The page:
Git 2.5.0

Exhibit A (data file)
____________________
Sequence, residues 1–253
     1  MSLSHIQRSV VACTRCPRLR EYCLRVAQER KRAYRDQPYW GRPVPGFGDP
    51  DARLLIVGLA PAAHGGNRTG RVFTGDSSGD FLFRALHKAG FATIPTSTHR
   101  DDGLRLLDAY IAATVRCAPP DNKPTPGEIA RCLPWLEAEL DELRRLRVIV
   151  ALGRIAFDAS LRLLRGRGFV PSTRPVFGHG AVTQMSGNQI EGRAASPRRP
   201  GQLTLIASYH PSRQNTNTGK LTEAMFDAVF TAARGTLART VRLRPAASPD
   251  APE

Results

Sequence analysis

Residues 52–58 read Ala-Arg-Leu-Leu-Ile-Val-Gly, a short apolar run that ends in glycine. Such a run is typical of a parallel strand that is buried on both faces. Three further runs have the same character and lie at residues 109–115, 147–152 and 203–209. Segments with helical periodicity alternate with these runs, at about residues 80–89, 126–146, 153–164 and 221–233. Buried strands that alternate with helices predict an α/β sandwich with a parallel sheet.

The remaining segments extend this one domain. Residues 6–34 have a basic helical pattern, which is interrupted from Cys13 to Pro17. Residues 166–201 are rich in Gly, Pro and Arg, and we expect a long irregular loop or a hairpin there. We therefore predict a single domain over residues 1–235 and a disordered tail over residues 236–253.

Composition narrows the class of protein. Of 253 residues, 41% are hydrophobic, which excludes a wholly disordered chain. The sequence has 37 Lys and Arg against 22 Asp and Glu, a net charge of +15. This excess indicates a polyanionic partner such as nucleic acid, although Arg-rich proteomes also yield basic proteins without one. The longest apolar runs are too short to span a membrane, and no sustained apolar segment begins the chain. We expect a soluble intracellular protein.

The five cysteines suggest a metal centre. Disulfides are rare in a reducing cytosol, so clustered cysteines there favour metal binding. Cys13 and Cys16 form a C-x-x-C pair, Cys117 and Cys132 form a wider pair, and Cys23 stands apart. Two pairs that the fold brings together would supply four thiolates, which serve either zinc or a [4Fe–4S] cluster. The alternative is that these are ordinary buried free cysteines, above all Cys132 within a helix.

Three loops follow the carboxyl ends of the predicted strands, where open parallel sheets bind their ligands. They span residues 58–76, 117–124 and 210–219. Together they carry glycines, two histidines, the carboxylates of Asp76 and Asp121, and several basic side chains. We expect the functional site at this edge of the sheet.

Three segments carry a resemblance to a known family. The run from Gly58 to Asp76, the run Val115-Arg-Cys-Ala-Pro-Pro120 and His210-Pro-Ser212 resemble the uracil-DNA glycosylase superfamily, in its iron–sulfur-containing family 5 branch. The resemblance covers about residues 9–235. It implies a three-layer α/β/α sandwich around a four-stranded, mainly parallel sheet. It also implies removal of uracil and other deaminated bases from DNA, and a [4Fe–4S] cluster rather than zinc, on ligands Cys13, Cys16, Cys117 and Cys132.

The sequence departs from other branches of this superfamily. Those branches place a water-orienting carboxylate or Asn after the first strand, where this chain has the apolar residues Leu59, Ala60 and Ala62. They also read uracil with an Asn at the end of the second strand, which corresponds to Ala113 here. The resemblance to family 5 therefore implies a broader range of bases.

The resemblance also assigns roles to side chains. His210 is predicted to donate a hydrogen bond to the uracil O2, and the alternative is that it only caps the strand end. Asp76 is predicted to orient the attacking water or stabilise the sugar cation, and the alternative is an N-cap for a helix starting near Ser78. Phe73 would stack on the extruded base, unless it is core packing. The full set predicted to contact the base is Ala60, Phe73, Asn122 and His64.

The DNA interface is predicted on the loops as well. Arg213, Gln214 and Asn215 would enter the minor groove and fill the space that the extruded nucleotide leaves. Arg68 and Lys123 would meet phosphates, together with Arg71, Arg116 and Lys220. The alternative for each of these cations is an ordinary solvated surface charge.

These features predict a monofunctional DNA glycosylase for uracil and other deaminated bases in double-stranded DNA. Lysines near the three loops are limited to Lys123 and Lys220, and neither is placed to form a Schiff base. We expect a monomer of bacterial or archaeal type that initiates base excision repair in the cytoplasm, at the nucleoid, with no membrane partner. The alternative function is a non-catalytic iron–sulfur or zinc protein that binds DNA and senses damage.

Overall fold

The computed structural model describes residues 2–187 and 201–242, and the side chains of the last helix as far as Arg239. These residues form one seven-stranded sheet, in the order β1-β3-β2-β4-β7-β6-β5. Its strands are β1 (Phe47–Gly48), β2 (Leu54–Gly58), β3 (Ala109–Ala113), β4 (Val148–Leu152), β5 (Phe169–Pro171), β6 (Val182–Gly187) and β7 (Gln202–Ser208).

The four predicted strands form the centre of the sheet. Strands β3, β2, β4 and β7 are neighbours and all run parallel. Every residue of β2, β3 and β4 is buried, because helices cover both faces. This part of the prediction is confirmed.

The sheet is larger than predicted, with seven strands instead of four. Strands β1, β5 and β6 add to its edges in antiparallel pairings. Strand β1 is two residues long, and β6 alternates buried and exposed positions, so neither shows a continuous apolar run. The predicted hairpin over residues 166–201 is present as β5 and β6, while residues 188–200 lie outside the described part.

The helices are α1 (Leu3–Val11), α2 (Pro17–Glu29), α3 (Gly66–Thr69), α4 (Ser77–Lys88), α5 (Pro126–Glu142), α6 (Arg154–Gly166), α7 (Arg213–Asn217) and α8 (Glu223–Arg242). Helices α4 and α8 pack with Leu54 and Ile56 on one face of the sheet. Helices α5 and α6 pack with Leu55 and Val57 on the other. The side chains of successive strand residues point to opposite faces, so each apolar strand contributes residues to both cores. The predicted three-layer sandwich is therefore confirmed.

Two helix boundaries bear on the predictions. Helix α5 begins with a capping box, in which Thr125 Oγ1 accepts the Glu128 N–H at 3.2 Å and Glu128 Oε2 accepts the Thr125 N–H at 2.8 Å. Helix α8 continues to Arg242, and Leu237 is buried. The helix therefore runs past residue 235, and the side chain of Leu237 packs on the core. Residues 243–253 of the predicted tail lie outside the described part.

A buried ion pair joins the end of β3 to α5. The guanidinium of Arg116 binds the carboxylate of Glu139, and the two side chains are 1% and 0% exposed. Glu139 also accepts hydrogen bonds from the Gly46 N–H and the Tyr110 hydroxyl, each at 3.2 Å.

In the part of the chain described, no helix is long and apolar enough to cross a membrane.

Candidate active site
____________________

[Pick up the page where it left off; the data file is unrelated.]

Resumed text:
Git 2.5 Release Notes ===================== Updates since v2.4 —————— UI, Workflows & Features * The bash completion script (in contrib/) learned a few options that “git revert” takes. * Whitespace breakages in deleted and context lines can also be painted in the output of “git diff” and friends with the new –ws-error-highlight option. * List of commands shown by “git help” are grouped along the workflow elements to help early learners. * “git p4” now detects the filetype (e.g. binary) correctly even when the files are opened exclusively. * git p4 attempts to better handle branches in Perforce. * “git p4” learned “–changes-block-size ” to read the changes in chunks from Perforce, instead of making one call to “p4 changes” that may trigger “too many rows scanned” error from Perforce. * More workaround for Perforce’s row number limit in “git p4”. * Unlike “$EDITOR” and “$GIT_EDITOR” that can hold the path to the command and initial options (e.g. “/path/to/emacs -nw”), ‘git p4’ did not let the shell interpolate the contents of the environment variable that name the editor “$P4EDITOR” (and “$EDITOR”, too). This release makes it in line with the rest of Git, as well as with Perforce. * A new short-hand @{push} denotes the remote-tracking branch that tracks the branch at the remote the would be pushed to. * “git show-branch –topics HEAD” (with no other arguments) did not do anything interesting. Instead, contrast the given revision against all the local branches by default. * A replacement for contrib/workdir/git-new-workdir that does not rely on symbolic links and make sharing of objects and refs safer by making the borrowee and borrowers aware of each other. Consider this as still an experimental feature; its UI is still likely to change. * Tweak the sample “store” backend of the credential helper to honor XDG configuration file locations when specified. * A heuristic we use to catch mistyped paths on the command line “git ” is to make sure that all the non-rev parameters in the later part of the command line are names of the files in the working tree, but that means “git grep $str — *.c” must always be disambiguated with “–“, because nobody sane will create a file whose name literally is asterisk-dot-see. Loosen the heuristic to declare that with a wildcard string the user likely meant to give us a pathspec. * “git merge FETCH_HEAD” learned that the previous “git fetch” could be to create an Octopus merge, i.e. recording multiple branches that are not marked as “not-for-merge”; this allows us to lose an old style invocation “git merge HEAD $commits…” in the implementation of “git pull” script; the old style syntax can now be deprecated (but not removed yet). * Filter scripts were run with SIGPIPE disabled on the Git side, expecting that they may not read what Git feeds them to filter. We however treated a filter that does not read its input fully before exiting as an error. We no longer do and ignore EPIPE when writing to feed the filter scripts. This changes semantics, but arguably in a good way. If a filter can produce its output without fully consuming its input using whatever magic, we now let it do so, instead of diagnosing it as a programming error. * Instead of dying immediately upon failing to obtain a lock, the locking (of refs etc) retries after a short while with backoff. * Introduce http..SSLCipherList configuration variable to tweak the list of cipher suite to be used with libcURL when talking with https:// sites. * “git subtree” script (in contrib/) used “echo -n” to produce progress messages in a non-portable way. * “git subtree” script (in contrib/) does not have –squash option when pushing, but the documentation and help text pretended as if it did. * The Git subcommand completion (in contrib/) no longer lists credential helpers among candidates; they are not something the end user would invoke interactively. * The index file can be taught with “update-index –untracked-cache” to optionally remember already seen untracked files, in order to speed up “git status” in a working tree with tons of cruft. * “git mergetool” learned to drive WinMerge as a backend. * “git upload-pack” that serves “git fetch” can be told to serve commits that are not at the tip of any ref, as long as they are reachable from a ref, with uploadpack.allowReachableSHA1InWant configuration variable. * “git cat-file –batch(-check)” learned the “–follow-symlinks” option that follows an in-tree symbolic link when asked about an object via extended SHA-1 syntax, e.g. HEAD:RelNotes that points at Documentation/RelNotes/2.5.0.txt. With the new option, the command behaves as if HEAD:Documentation/RelNotes/2.5.0.txt was given as input instead. Consider this as still an experimental and incomplete feature: – We may want to do the same for in-index objects, e.g. asking for :RelNotes with this option should give :Documentation/RelNotes/2.5.0.txt, too – “git cat-file –follow-symlinks blob HEAD:RelNotes” may also be something we want to allow in the future. * “git send-email” learned the alias file format used by the sendmail program (in a simplified form; we obviously do not feed pipes). * Traditionally, external low-level 3-way merge drivers are expected to produce their results based solely on the contents of the three variants given in temporary files named by %O, %A and %B on their command line. Additionally allow them to look at the final path (given by %P). * “git blame” learned blame.showEmail configuration variable. * “git apply” cannot diagnose a patch corruption when the breakage is to mark the length of the hunk shorter than it really is on the hunk header line “@@ -l,k +m,n @@”; one special case it could is when the hunk becomes no-op (e.g. k == n == 2 for two-line context patch output), and it learned to do so in this special case. * Add the “–allow-unknown-type” option to “cat-file” to allow inspecting loose objects of an experimental or a broken type. * Many long-running operations show progress eye-candy, even when they are later backgrounded. Hide the eye-candy when the process is sent to the background instead. (merge a4fb76c lm/squelch-bg-progress later to maint). Performance, Internal Implementation, Development Support etc. * “unsigned char [20]” used throughout the code to represent object names are being converted into a semi-opaque “struct object_id”. This effort is expected to interfere with other topics in flight, but hopefully will give us one extra level of abstraction in the end, when completed. * for_each_ref() callback functions were taught to name the objects not with “unsigned char sha1[20]” but with “struct object_id”. * Catch a programmer mistake to feed a pointer not an array to ARRAY_SIZE() macro, by using a couple of GCC extensions. * Some error messages in “git config” were emitted without calling the usual error() facility. * When “add–interactive” splits a hunk into two overlapping hunks and then let the user choose only one, it sometimes feeds an incorrect patch text to “git apply”. Add tests to demonstrate this. I have a slight suspicion that this may be $gmane/87202 coming back and biting us (I seem to have said “let’s run with this and see what happens” back then). * More line-ending tests. * An earlier rewrite to use strbuf_getwholeline() instead of fgets(3) to read packed-refs file revealed that the former is unacceptably inefficient. It has been optimized by using getdelim(3) when available. * The refs API uses ref_lock struct which had its own “int fd”, even though the same file descriptor was in the lock struct it contains. Clean-up the code to lose this redundant field. * There was a dead code that used to handle “git pull –tags” and show special-cased error message, which was made irrelevant when the semantics of the option changed back in Git 1.9 days. (merge 19d122b pt/pull-tags-error-diag later to maint). * Help us to find broken test script that splits the body part of the test by mistaken use of wrong kind of quotes. (merge d93d5d5 jc/test-prereq-validate later to maint). * Developer support to automatically detect broken &&-chain in the test scripts is now turned on by default. (merge 92b269f jk/test-chain-lint later to maint). * Error reporting mechanism used in “refs” API has been made more consistent. * “git pull” has more test coverage now. * “git pull” has become more aware of the options meant for underlying “git fetch” and then learned to use parse-options parser. * Clarify in the Makefile a guideline to decide use of USE_NSEC. Also contains various documentation updates and code clean-ups. Fixes since v2.4 —————- Unless otherwise noted, all the fixes since v2.4 in the maintenance track are contained in this release (see the maintenance releases’ notes for details). * Git 2.4 broke setting verbosity and progress levels on “git clone” with native transports. (merge 822f0c4 mh/clone-verbosity-fix later to maint). * “git add -e” did not allow the user to abort the operation by killing the editor. (merge cb64800 jk/add-e-kill-editor later to maint). * Memory usage of “git index-pack” has been trimmed by tens of per-cent. (merge f0e7f11 nd/slim-index-pack-memory-usage later to maint). * “git rev-list –objects $old –not –all” to see if everything that is reachable from $old is already connected to the existing refs was very inefficient. (merge b6e8a3b jk/still-interesting later to maint). * “hash-object –literally” introduced in v2.2 was not prepared to take a really long object type name. (merge 1427a7f jc/hash-object later to maint). * “git rebase –quiet” was not quite quiet when there is nothing to do. (merge 22946a9 jk/rebase-quiet-noop later to maint). * The completion for “log –decorate=” parameter value was incorrect. (merge af16bda sg/complete-decorate-full-not-long later to maint). * “filter-branch” corrupted commit log message that ends with an incomplete line on platforms with some “sed” implementations that munge such a line. Work it around by avoiding to use “sed”. (merge df06201 jk/filter-branch-use-of-sed-on-incomplete-line later to maint). * “git daemon” fails to build from the source under NO_IPV6 configuration (regression in 2.4). (merge d358f77 jc/daemon-no-ipv6-for-2.4.1 later to maint). * Some time ago, “git blame” (incorrectly) lost the convert_to_git() call when synthesizing a fake “tip” commit that represents the state in the working tree, which broke folks who record the history with LF line ending to make their project portable across platforms while terminating lines in their working tree files with CRLF for their platform. (merge 4bf256d tb/blame-resurrect-convert-to-git later to maint). * We avoid setting core.worktree when the repository location is the “.git” directory directly at the top level of the working tree, but the code misdetected the case in which the working tree is at the root level of the filesystem (which arguably is a silly thing to do, but still valid). (merge 84ccad8 jk/init-core-worktree-at-root later to maint). * “git commit –date=now” or anything that relies on approxidate lost the daylight-saving-time offset. (merge f6e6362 jc/epochtime-wo-tz later to maint). * Access to objects in repositories that borrow from another one on a slow NFS server unnecessarily got more expensive due to recent code becoming more cautious in a naive way not to lose objects to pruning. (merge ee1c6c3 jk/prune-mtime later to maint). * The codepaths that read .gitignore and .gitattributes files have been taught that these files encoded in UTF-8 may have UTF-8 BOM marker at the beginning; this makes it in line with what we do for configuration files already. (merge 27547e5 cn/bom-in-gitignore later to maint). * a few helper scripts in the test suite did not report errors correctly. (merge de248e9 ep/fix-test-lib-functions-report later to maint). * The default $HOME/.gitconfig file created upon “git config –global” that edits it had incorrectly spelled user.name and user.email entries in it. (merge 7e11052 oh/fix-config-default-user-name-section later to maint). * “git cat-file bl $blob” failed to barf even though there is no object type that is “bl”. (merge b7994af jk/type-from-string-gently later to maint). * The usual “git diff” when seeing a file turning into a directory showed a patchset to remove the file and create all files in the directory, but “git diff –no-index” simply refused to work. Also, when asked to compare a file and a directory, imitate POSIX “diff” and compare the file with the file with the same name in the directory, instead of refusing to run. (merge 0615173 jc/diff-no-index-d-f later to maint). * “git rebase -i” moved the “current” command from “todo” to “done” a bit too prematurely, losing a step when a “pick” did not even start. (merge 8cbc57c ph/rebase-i-redo later to maint). * The connection initiation code for “ssh” transport tried to absorb differences between the stock “ssh” and Putty-supplied “plink” and its derivatives, but the logic to tell that we are using “plink” variants were too loose and falsely triggered when “plink” appeared anywhere in the path (e.g. “/home/me/bin/uplink/ssh”). (merge baaf233 bc/connect-plink later to maint). * We have prepended $GIT_EXEC_PATH and the path “git” is installed in (typically “/usr/bin”) to $PATH when invoking subprograms and hooks for almost eternity, but the original use case the latter tried to support was semi-bogus (i.e. install git to /opt/foo/git and run it without having /opt/foo on $PATH), and more importantly it has become less and less relevant as Git grew more mainstream (i.e. the users would _want_ to have it on their $PATH). Stop prepending the path in which “git” is installed to users’ $PATH, as that would interfere the command search order people depend on (e.g. they may not like versions of programs that are unrelated to Git in /usr/bin and want to override them by having different ones in /usr/local/bin and have the latter directory earlier in their $PATH). (merge a0b4507 jk/git-no-more-argv0-path-munging later to maint). * core.excludesfile (defaulting to $XDG_HOME/git/ignore) is supposed to be overridden by repository-specific .git/info/exclude file, but the order was swapped from the beginning. This belatedly fixes it. (merge 099d2d8 jc/gitignore-precedence later to maint). * There was a commented-out (instead of being marked to expect failure) test that documented a breakage that was fixed since the test was written; turn it into a proper test. (merge 66d2e04 sb/t1020-cleanup later to maint). * The “log –decorate” enhancement in Git 2.4 that shows the commit at the tip of the current branch e.g. “HEAD -> master”, did not work with –decorate=full. (merge 429ad20 mg/log-decorate-HEAD later to maint). * The ref API did not handle cases where ‘refs/heads/xyzzy/frotz’ is removed at the same time as ‘refs/heads/xyzzy’ is added (or vice versa) very well. (merge c628edf mh/ref-directory-file later to maint). * Multi-ref transaction support we merged a few releases ago unnecessarily kept many file descriptors open, risking to fail with resource exhaustion. This is for 2.4.x track. (merge 185ce3a mh/write-refs-sooner-2.4 later to maint). * “git bundle verify” did not diagnose extra parameters on the command line. (merge 7886cfa ps/bundle-verify-arg later to maint). * Various documentation mark-up fixes to make the output more consistent in general and also make AsciiDoctor (an alternative formatter) happier. (merge d0258b9 jk/asciidoc-markup-fix later to maint). (merge ad3967a jk/stripspace-asciidoctor-fix later to maint). (merge 975e382 ja/tutorial-asciidoctor-fix later to maint). * The code to read pack-bitmap wanted to allocate a few hundred pointers to a structure, but by mistake allocated and leaked memory enough to hold that many actual structures. Correct the allocation size and also have it on stack, as it is small enough. (merge 599dc76 rs/plug-leak-in-pack-bitmaps later to maint). * The pull.ff configuration was supposed to override the merge.ff configuration, but it didn’t. (merge db9bb28 pt/pull-ff-vs-merge-ff later to maint). * “git pull –log” and “git pull –no-log” worked as expected, but “git pull –log=20” did not. (merge 5061a44 pt/pull-log-n later to maint). * “git rerere forget” in a repository without rerere enabled gave a cryptic error message; it should be a silent no-op instead. (merge 0544574 jk/rerere-forget-check-enabled later to maint). * “git rebase -i” fired post-rewrite hook when it shouldn’t (namely, when it was told to stop sequencing with ‘exec’ insn). (merge 141ff8f mm/rebase-i-post-rewrite-exec later to maint). * Clarify that “log –raw” and “log –format=raw” are unrelated concepts. (merge 92de921 mm/log-format-raw-doc later to maint). * Make “git stash something –help” error out, so that users can safely say “git stash drop –help”. (merge 5ba2831 jk/stash-options later to maint). * The clean/smudge interface did not work well when filtering an empty contents (failed and then passed the empty input through). It can be argued that a filter that produces anything but empty for an empty input is nonsense, but if the user wants to do strange things, then why not? (merge f6a1e1e jh/filter-empty-contents later to maint). * Communication between the HTTP server and http_backend process can lead to a dead-lock when relaying a large ref negotiation request. Diagnose the situation better, and mitigate it by reading such a request first into core (to a reasonable limit). (merge 636614f jk/http-backend-deadlock later to maint). * “git clean pathspec…” tried to lstat(2) and complain even for paths outside the given pathspec. (merge 838d6a9 dt/clean-pathspec-filter-then-lstat later to maint). * Recent “git prune” traverses young unreachable objects to safekeep old objects in the reachability chain from them, which sometimes caused error messages that are unnecessarily alarming. (merge ce4e7b2 jk/squelch-missing-link-warning-for-unreachable later to maint). * The configuration reader/writer uses mmap(2) interface to access the files; when we find a directory, it barfed with “Out of memory?”. (merge 9ca0aaf jk/diagnose-config-mmap-failure later to maint). * “color.diff.plain” was a misnomer; give it ‘color.diff.context’ as a more logical synonym. (merge 8dbf3eb jk/color-diff-plain-is-context later to maint). * The setup code used to die when core.bare and core.worktree are set inconsistently, even for commands that do not need working tree. (merge fada767 jk/die-on-bogus-worktree-late later to maint). * Recent Mac OS X updates breaks the logic to detect that the machine is on the AC power in the sample pre-auto-gc script. (merge c54c7b3 pa/auto-gc-mac-osx later to maint). * “git commit –cleanup=scissors” was not careful enough to protect against getting fooled by a line that looked like scissors. (merge fbfa097 sg/commit-cleanup-scissors later to maint). * “Have we lost a race with competing repack?” check was too expensive, especially while receiving a huge object transfer that runs index-pack (e.g. “clone” or “fetch”). (merge 0eeb077 jk/index-pack-reduce-recheck later to maint). * The tcsh completion writes a bash scriptlet but that would have failed for users with noclobber set. (merge 0b1f688 af/tcsh-completion-noclobber later to maint). * “git for-each-ref” reported “missing object” for 0{40} when it encounters a broken ref. The lack of object whose name is 0{40} is not the problem; the ref being broken is. (merge 501cf47 mh/reporting-broken-refs-from-for-each-ref later to maint). * Various fixes around “git am” that applies a patch to a history that is not there yet. (merge 6ea3b67 pt/am-abort-fix later to maint). * “git fsck” used to ignore missing or invalid objects recorded in reflog. (merge 19bf6c9 mh/fsck-reflog-entries later to maint). * “git format-patch –ignore-if-upstream A..B” did not like to be fed tags as boundary commits. (merge 9b7a61d jc/do-not-feed-tags-to-clear-commit-marks later to maint). * “git fetch –depth=” and “git clone –depth=” issued a shallow transfer request even to an upload-pack that does not support the capability. (merge eb86a50 me/fetch-into-shallow-safety later to maint). * “git rebase” did not exit with failure when format-patch it invoked failed for whatever reason. (merge 60d708b cb/rebase-am-exit-code later to maint). * Fix a small bug in our use of umask() return value. (merge 3096b2e jk/fix-refresh-utime later to maint). * An ancient test framework enhancement to allow color was not entirely correct; this makes it work even when tput needs to read from the ~/.terminfo under the user’s real HOME directory. (merge d5c1b7c rh/test-color-avoid-terminfo-in-original-home later to maint). * A minor bugfix when pack bitmap is used with “rev-list –count”. (merge c8a70d3 jk/rev-list-no-bitmap-while-pruning later to maint). * “git config” failed to update the configuration file when the underlying filesystem is incapable of renaming a file that is still open. (merge 7a64592 kb/config-unmap-before-renaming later to maint). * Avoid possible ssize_t to int truncation. (merge 6c8afe4 mh/strbuf-read-file-returns-ssize-t later to maint). * When you say “!” while running say “git log”, you’d confuse yourself in the resulting shell, that may look as if you took control back to the original shell you spawned “git log” from but that isn’t what is happening. To that new shell, we leaked GIT_PAGER_IN_USE environment variable that was meant as a local communication between the original “Git” and subprocesses that was spawned by it after we launched the pager, which caused many “interesting” things to happen, e.g. “git diff | cat” still paints its output in color by default. Stop leaking that environment variable to the pager’s half of the fork; we only need it on “Git” side when we spawn the pager. (merge 124b519 jc/unexport-git-pager-in-use-in-pager later to maint). * Abandoning an already applied change in “git rebase -i” with “–continue” left CHERRY_PICK_HEAD and confused later steps. (merge 0e0aff4 js/rebase-i-clean-up-upon-continue-to-skip later to maint). * We used to ask libCURL to use the most secure authentication method available when talking to an HTTP proxy only when we were told to talk to one via configuration variables. We now ask libCURL to always use the most secure authentication method, because the user can tell libCURL to use an HTTP proxy via an environment variable without using configuration variables. (merge 5841520 et/http-proxyauth later to maint). * A fix to a minor regression to “git fsck” in v2.2 era that started complaining about a body-less tag object when it lacks a separator empty line after its header to separate it with a non-existent body. (merge 84d18c0 jc/fsck-retire-require-eoh later to maint). * Code cleanups and documentation updates. (merge 0269f96 mm/usage-log-l-can-take-regex later to maint). (merge 64f2589 nd/t1509-chroot-test later to maint). (merge d201a1e sb/test-bitmap-free-at-end later to maint). (merge 05bfc7d sb/line-log-plug-pairdiff-leak later to maint). (merge 846e5df pt/xdg-config-path later to maint). (merge 1154aa4 jc/plug-fmt-merge-msg-leak later to maint). (merge 319b678 jk/sha1-file-reduce-useless-warnings later to maint). (merge 9a35c14 fg/document-commit-message-stripping later to maint). (merge bbf431c ps/doc-packfile-vs-pack-file later to maint). (merge 309a9e3 jk/skip-http-tests-under-no-curl later to maint). (merge ccd593c dl/branch-error-message later to maint). (merge 22570b6 rs/janitorial later to maint). (merge 5c2a581 mc/commit-doc-grammofix later to maint). (merge ce41720 ah/usage-strings later to maint). (merge e6a268c sb/glossary-submodule later to maint). (merge ec48a76 sb/submodule-doc-intro later to maint). (merge 14f8b9b jk/clone-dissociate later to maint). (merge 055c7e9 sb/pack-protocol-mention-smart-http later to maint). (merge 7c37a5d jk/make-fix-dependencies later to maint). (merge fc0aa39 sg/merge-summary-config later to maint). (merge 329af6c pt/t0302-needs-sanity later to maint). (merge d614f07 fk/doc-format-patch-vn later to maint). (merge 72dbb36 sg/completion-commit-cleanup later to maint). (merge e654eb2 es/utf8-stupid-compiler-workaround later to maint). (merge 34b935c es/osx-header-pollutes-mask-macro later to maint). (merge ab7fade jc/prompt-document-ps1-state-separator later to maint). (merge 25f600e mm/describe-doc later to maint). (merge 83fe167 mm/branch-doc-updates later to maint). (merge 75d2e5a ls/hint-rev-list-count later to maint). (merge edc8f71 cb/subtree-tests-update later to maint). (merge 5330e6e sb/p5310-and-chain later to maint). (merge c4ac525 tb/checkout-doc later to maint). (merge e479c5f jk/pretty-encoding-doc later to maint). (merge 7e837c6 ss/clone-guess-dir-name-simplify later to maint).